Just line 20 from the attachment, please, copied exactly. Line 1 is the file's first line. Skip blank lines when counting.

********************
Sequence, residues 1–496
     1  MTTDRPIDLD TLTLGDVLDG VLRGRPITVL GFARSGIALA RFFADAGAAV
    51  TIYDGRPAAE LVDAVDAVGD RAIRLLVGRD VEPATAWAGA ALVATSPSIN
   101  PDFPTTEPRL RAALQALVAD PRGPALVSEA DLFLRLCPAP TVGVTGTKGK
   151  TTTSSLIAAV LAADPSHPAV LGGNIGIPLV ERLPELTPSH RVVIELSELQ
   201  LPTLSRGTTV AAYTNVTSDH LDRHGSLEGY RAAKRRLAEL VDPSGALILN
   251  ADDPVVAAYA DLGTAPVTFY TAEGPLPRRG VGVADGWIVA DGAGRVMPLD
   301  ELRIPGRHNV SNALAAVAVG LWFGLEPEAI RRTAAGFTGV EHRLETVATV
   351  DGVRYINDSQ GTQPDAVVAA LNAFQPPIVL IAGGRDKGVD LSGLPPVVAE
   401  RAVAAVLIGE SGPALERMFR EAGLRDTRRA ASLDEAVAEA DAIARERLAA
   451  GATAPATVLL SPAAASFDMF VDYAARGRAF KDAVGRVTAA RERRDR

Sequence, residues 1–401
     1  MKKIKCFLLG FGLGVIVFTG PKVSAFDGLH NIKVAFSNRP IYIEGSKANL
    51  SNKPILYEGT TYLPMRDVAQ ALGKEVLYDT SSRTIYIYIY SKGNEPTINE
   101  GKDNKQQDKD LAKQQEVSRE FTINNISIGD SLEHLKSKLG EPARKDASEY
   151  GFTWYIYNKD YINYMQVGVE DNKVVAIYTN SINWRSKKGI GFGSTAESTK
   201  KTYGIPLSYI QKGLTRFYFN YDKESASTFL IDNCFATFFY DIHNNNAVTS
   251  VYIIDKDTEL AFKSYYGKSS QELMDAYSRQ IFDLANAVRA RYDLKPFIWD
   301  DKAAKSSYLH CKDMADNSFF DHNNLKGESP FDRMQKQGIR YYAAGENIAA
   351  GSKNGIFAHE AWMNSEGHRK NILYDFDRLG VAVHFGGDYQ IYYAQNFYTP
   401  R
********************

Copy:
   351  GSKNGIFAHE AWMNSEGHRK NILYDFDRLG VAVHFGGDYQ IYYAQNFYTP